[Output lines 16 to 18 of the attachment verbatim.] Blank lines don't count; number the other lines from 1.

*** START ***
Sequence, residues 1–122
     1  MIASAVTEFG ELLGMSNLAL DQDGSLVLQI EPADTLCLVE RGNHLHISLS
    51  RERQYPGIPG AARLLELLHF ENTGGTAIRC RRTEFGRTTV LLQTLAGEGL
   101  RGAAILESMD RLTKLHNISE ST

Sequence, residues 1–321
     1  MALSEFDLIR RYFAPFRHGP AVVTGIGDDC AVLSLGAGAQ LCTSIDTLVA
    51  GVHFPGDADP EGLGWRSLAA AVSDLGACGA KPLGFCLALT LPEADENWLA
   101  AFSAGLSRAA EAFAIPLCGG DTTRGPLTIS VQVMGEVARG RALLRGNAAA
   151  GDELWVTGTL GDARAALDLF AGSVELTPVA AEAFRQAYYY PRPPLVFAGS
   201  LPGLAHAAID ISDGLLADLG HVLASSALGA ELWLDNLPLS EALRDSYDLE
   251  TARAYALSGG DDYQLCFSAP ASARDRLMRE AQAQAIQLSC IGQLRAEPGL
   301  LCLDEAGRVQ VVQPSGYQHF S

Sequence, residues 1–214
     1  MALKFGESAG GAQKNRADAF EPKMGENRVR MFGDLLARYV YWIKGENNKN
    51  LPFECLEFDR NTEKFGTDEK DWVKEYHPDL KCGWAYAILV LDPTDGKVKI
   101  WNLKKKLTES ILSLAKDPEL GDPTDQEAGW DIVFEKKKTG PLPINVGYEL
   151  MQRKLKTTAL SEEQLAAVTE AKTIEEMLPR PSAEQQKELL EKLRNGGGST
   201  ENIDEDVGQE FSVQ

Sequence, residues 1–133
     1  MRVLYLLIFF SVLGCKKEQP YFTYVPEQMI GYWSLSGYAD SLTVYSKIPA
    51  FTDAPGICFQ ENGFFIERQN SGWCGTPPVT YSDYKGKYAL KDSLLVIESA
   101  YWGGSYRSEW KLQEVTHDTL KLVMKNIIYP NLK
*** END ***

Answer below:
   101  WNLKKKLTES ILSLAKDPEL GDPTDQEAGW DIVFEKKKTG PLPINVGYEL
   151  MQRKLKTTAL SEEQLAAVTE AKTIEEMLPR PSAEQQKELL EKLRNGGGST
   201  ENIDEDVGQE FSVQ